Parents unaware vice-principal of college had spied on police for IRA
Published 14/02/2013 | 00:00
The new vice-principal of a Northern Ireland secondary school is a former IRA spy.
Rosa McLaughlin, who took up her post at St Mary's College in Londonderry last month, was convicted in 1998 of IRA membership and collecting information useful to terrorists.
The school and the Council For Catholic Maintained Schools (CCMS) defended the appointment of 40-year-old Miss McLaughlin saying that all relevant procedures had been followed.
However, parents have expressed anger that they were not told by the school about the new teacher's criminal past.
Miss McLaughlin was a 26-year-old school teacher in east Belfast when she was found guilty of spying on Bangor RUC station and collecting information on former RUC Assistant Chief Constable Trevor Forbes.
She had been recruited by the IRA in her fifth year of studies at Queen's University in Belfast.
Miss McLaughlin was sentenced to three years in jail but was freed upon conviction after spending 18 months on remand.
The sentencing judge at the time warned her that her career as a teacher had been destroyed and that he was satisfied she would "never be employed in the United Kingdom as a teacher".
However, Miss McLaughlin went on to excel in her career within the education sector.
She became a senior teacher in Northern Ireland's only post primary Irish Medium school, Colaiste Feirste, Belfast, before becoming Inter Schools liaison manager for the Foyle Learning Community.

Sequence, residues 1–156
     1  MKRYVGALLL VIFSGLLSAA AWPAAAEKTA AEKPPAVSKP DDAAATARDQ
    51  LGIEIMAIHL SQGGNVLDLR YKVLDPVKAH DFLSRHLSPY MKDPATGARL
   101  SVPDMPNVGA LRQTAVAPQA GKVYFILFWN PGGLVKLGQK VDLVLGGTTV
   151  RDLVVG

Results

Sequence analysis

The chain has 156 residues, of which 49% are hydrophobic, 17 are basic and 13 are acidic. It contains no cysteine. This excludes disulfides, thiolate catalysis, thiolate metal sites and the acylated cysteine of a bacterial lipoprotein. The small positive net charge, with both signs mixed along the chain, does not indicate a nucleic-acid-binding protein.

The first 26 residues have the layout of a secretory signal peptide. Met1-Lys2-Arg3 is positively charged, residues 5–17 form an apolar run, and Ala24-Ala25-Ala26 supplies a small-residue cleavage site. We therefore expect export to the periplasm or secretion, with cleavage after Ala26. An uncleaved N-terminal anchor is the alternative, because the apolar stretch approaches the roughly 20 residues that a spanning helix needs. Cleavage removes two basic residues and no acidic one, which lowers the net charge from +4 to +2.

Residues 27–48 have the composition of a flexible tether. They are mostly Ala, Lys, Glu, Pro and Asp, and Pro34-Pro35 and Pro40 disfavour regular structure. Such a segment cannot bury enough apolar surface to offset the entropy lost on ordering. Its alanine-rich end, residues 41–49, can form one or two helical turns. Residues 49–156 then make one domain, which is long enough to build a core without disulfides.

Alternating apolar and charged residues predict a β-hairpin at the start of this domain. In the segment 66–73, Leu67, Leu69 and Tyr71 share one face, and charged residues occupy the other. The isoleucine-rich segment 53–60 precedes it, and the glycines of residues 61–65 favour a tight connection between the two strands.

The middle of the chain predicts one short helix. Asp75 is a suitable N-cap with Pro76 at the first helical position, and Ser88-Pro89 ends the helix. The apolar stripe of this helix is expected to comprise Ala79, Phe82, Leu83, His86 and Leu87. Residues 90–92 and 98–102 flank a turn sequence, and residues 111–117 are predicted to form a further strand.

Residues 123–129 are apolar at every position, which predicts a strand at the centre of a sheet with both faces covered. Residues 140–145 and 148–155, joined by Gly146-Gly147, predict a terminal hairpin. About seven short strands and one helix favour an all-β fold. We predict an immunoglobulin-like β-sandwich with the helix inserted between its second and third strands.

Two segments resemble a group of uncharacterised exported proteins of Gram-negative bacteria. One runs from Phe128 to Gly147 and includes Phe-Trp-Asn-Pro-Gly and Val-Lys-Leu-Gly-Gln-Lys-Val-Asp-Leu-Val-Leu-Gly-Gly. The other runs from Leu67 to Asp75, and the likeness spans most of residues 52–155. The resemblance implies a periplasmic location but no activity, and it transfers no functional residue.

Miss McLaughlin was appointed vice principal of St Mary's College in January and is just in the first few weeks of her new post.
When contacted by the Belfast Telegraph about her previous convictions Miss McLaughlin said: "You have taken me completely by surprise.
"I want to speak to my principal and the governors."
St Mary's College last night defended Miss McLaughlin's appointment saying that she was the most qualified for the role of vice-principal.
A spokeswoman for the school added: "As with all our employment procedures, everything was carried out in accordance with both the law and relevant statutory agencies."
St Mary's school principal Marie Lindsay also said: "Whilst I am aware of the background to this particular matter, I do not consider it appropriate to comment further on personal information relating to individual members of staff."
A CCMS spokeswoman said: "The council in ratifying this appointment was satisfied that the Board of Governors followed all the relevant procedures."
The school and the CCMS were asked by the Belfast Telegraph if any moves had been taken to advise parents of Miss McLaughlin's conviction.
However, neither commented on this.
The Department of Education also declined to comment on whether it believed it was appropriate for someone with a terrorist conviction to be allowed to teach.
A spokesman for the department commented: "Teachers are appointed to posts by the body responsible for the management of the school in which the vacancy has arisen.
"The Department of Education does not appoint teachers."